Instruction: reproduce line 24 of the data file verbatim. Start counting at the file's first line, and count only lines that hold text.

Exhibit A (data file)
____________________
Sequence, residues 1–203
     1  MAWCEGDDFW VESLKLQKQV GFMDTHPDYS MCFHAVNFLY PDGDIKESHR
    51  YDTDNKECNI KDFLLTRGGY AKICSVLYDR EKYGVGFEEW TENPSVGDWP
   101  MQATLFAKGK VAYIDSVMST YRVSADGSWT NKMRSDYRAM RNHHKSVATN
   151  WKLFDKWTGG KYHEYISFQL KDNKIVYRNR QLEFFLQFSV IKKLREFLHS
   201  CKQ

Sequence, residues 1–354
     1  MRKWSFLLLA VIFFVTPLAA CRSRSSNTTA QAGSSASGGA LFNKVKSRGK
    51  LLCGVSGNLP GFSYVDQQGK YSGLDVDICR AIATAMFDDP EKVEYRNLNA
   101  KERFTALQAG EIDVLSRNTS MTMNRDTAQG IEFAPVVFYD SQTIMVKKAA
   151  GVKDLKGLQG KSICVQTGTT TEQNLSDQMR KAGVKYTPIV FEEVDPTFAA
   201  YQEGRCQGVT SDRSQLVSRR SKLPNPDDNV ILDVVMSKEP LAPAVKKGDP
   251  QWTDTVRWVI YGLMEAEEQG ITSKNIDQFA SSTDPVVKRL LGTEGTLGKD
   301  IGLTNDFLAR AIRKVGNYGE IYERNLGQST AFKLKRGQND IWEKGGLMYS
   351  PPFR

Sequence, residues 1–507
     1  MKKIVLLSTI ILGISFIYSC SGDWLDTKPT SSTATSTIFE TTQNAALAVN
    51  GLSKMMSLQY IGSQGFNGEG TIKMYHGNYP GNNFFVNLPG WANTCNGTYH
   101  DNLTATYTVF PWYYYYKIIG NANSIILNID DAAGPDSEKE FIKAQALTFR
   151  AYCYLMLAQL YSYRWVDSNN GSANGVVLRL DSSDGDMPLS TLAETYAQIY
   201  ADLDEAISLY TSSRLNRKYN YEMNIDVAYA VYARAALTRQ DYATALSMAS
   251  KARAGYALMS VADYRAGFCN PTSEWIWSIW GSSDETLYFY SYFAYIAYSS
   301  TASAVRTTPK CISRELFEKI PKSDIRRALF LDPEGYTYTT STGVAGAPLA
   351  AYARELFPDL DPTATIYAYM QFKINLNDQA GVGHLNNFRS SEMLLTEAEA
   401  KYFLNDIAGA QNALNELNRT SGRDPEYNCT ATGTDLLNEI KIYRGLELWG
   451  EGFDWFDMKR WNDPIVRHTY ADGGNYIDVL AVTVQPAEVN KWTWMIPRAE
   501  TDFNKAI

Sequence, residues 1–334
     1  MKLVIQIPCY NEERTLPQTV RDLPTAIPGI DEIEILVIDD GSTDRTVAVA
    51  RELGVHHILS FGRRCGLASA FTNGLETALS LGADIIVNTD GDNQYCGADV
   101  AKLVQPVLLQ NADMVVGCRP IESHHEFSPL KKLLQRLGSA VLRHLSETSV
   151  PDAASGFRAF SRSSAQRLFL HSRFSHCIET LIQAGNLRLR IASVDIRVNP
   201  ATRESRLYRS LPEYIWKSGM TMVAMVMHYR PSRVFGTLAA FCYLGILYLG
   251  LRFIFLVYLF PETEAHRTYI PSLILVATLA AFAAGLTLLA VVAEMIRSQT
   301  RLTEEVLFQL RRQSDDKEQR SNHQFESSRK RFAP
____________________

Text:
   351  AYARELFPDL DPTATIYAYM QFKINLNDQA GVGHLNNFRS SEMLLTEAEA